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GOOD OR FAD? TECH OF 2020

31.12.20

In October, Gadget Flow published an article listing the “best of futuristic tech” – 12 exciting boundary-pushing products that, in time, could become part of our daily lives. 


History shows us that new innovations can be incredibly divisive. It would be rare indeed for the latest gadgetry to be deemed a resounding success by both critics and consumers.

For every ardent fan of Apple and their iPhones, there will be a naysayer who prefers to keep things “old school”: a Nokia 3310, perhaps? Or, God forbid, they are content with a landline. The same logic applies to video doorbells. What’s wrong with a good old-fashioned rat-a-tat-tat?


But these 12 products aren’t necessarily designed to please the masses. They are bold, brave and – in some cases – downright bonkers. Here I offer my take on which devices could be game-changing, and which are a flash in the pan…


1. Tonal Intelligent Fitness System 

from $2,295


Gadget Flow says: 

This smart exercise gadget combines a personal trainer and a gym in one device, letting you get a serious workout at home, whenever you want. Also, the digital weight system allows for smooth and accurate lifting.


My take: 

Retailing at $2,295, this set-up from Tonal requires serious investment. As a long-time member of the Peloton posse, I can’t see myself dismounting my bike anytime soon. That said, it does bring a lot to the table: a compact wall-mounted system (perfect for saving space), innovative digital weights and customised workouts. Perhaps one for the wish list, after all…


2. Razer Naga Pro Gaming Mouse

from $149


Gadget Flow says: 

This gadget is on our list of best futuristic tech in 2020 because it has swappable button plates for awe-inspiring capabilities. There’s a six-button side plate for battle royale, a 12-button side plate for MMO, and a two-button side plate for FPS. Additionally, this mouse has 150 hours of battery life.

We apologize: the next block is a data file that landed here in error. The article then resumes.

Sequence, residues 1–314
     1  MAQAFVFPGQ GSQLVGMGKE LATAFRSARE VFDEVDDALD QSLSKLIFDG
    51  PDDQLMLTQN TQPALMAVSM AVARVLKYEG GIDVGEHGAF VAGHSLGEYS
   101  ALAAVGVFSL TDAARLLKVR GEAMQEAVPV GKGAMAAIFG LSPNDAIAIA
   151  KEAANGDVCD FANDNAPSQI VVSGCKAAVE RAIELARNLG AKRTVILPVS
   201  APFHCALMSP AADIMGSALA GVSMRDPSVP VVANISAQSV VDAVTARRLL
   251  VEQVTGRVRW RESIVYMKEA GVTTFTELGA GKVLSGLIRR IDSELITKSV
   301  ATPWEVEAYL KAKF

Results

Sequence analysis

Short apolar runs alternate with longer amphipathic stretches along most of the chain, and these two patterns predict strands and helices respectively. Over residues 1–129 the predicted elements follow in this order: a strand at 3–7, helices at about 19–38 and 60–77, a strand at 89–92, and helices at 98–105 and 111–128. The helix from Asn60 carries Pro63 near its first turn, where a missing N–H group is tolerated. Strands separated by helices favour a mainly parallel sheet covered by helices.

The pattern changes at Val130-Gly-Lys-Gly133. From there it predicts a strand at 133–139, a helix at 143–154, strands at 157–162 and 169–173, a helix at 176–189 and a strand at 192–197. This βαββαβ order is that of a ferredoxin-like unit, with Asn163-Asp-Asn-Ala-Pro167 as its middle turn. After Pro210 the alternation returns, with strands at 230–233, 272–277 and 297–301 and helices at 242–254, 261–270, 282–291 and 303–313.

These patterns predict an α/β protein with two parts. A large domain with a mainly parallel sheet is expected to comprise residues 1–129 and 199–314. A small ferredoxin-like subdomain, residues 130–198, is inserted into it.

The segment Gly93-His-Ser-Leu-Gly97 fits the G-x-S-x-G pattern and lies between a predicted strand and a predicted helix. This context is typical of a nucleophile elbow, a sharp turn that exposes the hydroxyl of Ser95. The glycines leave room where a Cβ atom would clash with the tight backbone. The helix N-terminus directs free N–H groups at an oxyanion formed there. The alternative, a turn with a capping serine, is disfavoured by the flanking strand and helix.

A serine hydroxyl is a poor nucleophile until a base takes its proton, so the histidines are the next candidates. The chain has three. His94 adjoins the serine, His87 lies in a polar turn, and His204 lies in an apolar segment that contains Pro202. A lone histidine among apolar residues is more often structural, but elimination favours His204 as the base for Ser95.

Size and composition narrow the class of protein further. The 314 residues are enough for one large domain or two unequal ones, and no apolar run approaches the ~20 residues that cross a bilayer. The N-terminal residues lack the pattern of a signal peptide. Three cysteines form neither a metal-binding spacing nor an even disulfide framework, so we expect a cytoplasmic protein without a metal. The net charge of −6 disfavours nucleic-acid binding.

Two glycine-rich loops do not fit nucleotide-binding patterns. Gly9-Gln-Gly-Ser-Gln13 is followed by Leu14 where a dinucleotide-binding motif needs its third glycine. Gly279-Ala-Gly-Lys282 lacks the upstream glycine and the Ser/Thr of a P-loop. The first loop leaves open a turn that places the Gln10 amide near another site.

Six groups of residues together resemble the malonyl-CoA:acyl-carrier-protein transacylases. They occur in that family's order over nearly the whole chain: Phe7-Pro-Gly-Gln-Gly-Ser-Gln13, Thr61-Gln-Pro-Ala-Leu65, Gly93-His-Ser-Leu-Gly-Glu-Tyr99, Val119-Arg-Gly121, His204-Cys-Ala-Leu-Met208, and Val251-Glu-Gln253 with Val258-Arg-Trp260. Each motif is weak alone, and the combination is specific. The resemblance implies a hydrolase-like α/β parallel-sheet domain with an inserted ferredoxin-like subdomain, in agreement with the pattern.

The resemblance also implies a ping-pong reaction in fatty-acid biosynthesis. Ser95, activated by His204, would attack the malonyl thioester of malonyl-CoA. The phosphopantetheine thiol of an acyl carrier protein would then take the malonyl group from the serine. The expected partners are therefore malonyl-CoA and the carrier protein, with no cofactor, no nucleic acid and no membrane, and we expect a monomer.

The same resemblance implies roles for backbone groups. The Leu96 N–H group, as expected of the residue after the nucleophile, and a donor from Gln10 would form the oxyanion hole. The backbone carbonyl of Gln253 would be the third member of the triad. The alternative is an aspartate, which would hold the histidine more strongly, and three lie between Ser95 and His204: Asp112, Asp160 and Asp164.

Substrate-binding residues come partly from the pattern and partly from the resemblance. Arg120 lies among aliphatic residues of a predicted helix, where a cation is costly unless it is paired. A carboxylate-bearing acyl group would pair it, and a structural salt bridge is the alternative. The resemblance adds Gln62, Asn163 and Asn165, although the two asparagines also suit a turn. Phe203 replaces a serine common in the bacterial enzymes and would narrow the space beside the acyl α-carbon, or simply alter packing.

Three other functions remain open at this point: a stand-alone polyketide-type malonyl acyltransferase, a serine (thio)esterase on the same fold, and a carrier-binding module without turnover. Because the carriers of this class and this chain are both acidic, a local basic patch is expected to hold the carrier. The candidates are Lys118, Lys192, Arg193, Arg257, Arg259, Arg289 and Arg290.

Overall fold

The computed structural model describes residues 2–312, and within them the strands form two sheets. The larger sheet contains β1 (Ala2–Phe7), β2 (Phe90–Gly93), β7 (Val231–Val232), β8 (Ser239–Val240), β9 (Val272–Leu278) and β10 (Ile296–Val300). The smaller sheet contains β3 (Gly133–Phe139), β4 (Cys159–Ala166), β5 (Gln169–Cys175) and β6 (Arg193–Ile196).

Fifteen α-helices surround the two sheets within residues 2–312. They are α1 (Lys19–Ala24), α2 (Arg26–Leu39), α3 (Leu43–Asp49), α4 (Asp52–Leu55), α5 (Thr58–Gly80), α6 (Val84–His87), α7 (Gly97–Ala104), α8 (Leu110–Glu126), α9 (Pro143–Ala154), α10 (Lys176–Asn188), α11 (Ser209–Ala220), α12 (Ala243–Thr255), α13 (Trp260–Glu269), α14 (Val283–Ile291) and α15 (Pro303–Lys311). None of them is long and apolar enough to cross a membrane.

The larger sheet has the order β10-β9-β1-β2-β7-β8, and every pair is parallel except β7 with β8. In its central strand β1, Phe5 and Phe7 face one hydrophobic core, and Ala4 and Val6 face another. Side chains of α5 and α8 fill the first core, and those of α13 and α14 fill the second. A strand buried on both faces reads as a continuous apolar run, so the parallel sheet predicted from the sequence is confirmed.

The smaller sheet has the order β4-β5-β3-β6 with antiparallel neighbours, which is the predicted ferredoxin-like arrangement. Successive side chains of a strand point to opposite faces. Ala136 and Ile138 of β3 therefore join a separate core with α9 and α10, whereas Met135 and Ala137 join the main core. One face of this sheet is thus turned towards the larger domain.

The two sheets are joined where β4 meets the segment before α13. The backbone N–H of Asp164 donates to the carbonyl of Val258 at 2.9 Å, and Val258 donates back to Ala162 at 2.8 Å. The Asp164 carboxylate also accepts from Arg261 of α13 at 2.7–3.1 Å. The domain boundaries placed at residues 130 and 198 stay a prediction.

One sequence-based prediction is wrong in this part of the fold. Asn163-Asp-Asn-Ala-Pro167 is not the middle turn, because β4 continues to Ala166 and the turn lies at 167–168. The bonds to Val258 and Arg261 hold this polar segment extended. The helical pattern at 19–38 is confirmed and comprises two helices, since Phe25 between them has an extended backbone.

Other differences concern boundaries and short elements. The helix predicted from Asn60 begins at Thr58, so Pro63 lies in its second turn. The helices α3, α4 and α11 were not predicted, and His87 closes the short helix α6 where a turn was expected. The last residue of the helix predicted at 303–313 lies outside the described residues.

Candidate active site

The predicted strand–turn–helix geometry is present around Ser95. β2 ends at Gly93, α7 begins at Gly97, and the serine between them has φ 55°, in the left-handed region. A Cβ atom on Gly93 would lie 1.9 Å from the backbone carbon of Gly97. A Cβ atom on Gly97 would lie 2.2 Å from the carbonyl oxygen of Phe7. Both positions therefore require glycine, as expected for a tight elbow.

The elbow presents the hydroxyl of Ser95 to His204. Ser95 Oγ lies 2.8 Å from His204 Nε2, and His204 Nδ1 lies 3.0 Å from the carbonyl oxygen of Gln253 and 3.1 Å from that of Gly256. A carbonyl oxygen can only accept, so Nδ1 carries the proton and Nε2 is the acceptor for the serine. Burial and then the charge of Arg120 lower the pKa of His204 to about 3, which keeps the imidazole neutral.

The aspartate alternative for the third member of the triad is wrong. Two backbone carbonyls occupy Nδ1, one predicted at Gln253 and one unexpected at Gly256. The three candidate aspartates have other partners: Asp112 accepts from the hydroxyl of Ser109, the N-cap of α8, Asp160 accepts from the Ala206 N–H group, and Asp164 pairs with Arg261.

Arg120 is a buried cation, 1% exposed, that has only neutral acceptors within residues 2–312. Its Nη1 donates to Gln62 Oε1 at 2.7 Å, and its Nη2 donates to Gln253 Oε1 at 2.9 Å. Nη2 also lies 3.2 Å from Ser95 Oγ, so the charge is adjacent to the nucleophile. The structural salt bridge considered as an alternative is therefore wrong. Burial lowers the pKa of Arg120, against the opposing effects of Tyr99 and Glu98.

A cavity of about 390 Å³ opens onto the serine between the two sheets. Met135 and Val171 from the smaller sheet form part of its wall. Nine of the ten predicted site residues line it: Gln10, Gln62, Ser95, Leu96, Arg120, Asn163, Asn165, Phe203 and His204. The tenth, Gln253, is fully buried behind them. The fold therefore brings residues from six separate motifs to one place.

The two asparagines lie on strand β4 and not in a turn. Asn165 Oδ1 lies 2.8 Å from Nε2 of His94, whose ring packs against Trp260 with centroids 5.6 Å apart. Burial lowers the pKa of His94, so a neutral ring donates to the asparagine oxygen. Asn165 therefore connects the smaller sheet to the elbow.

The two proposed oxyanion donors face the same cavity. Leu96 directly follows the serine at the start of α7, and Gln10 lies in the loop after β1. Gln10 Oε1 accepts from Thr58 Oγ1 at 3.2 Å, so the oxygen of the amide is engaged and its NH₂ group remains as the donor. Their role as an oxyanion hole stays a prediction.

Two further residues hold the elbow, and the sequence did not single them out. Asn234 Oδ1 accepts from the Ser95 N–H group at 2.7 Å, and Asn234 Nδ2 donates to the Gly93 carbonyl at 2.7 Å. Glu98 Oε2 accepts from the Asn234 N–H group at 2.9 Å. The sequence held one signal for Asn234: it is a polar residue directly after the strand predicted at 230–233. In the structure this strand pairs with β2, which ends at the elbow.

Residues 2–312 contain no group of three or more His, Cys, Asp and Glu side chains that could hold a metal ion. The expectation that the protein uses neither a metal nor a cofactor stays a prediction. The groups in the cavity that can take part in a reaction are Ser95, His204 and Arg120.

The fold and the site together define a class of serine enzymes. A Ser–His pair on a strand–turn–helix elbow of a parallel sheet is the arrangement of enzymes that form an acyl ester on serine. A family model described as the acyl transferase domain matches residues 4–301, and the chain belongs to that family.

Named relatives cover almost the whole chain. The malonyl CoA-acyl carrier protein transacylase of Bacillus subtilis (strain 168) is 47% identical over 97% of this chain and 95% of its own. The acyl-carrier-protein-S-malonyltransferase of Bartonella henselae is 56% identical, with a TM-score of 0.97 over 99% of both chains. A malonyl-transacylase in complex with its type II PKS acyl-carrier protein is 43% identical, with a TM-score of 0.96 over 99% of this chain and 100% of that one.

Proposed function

My take: 

If, like me, you struggle to tell your MMO from your elbow, $149 may seem a lot to spend on a mouse. Not so where serious gamers are concerned. I’m embarrassed to say I have little clue about how it works, but it certainly looks the part and I expect it will feature highly on many a Christmas list this year.


3. 3dRudder Foot-Powered Gaming Controller 

from $99


Gadget Flow says: 

Just rest your feet on this controller and tilt it to move left, right, forward, and backward. It’s a gadget that makes gaming more accessible to everyone. Best of all, it’s compatible with Xbox Adaptive Controller, PC games, Steam VR games, and Oculus Store games.


My take: 

Accessible technology will always get a big thumbs-up from me. Winner of four CES “Innovation Awards”, the 3dRudder claims to be the first ever foot controller for an enhanced motion experience in Virtual Reality and PC games. It may be niche, but it’s certainly not a fad.


4. Segway Loomo Personal Robot 

from $1,799


Gadget Flow says: 

This useful robot carries items of up to 100 kilograms, and you can ride it like a hoverboard. It also follows you with its person-tracking technology. And when you aren’t riding it, its head spins around and displays a face. You’ll love that you can send it voice commands from across the room.


My take: 

“Personal Robot” or “Faddy McFadface”? You decide. To my mind it reeks of a gadget for those with more money than sense. On the other hand, you can ride it like a hoverboard! If it was good enough for Marty McFly, it’s good enough for me… Where do I sign up?


5. Ring Always Home Cam 

from $249.99


Gadget Flow says: 

This security drone flies about and records images around your house. It replaces multiple security cameras you’d otherwise have to place in different areas. What’s more, this Ring camera flies on predetermined paths only.


My take: 

On the basis that Ring is already a household name – thanks in part to their acquisition by global giant Amazon in 2018 – it’s not hard to envisage their latest gadget will be a success. Providing it works, that is. The cynic in me expects the buzzing noise overhead is bound to cause issues. Not least taunting the family pets as it zooms around recording the interior of your home. A pricey mistake? Time will tell…


6. Cinera Edge 5K OLED HMD 

from $799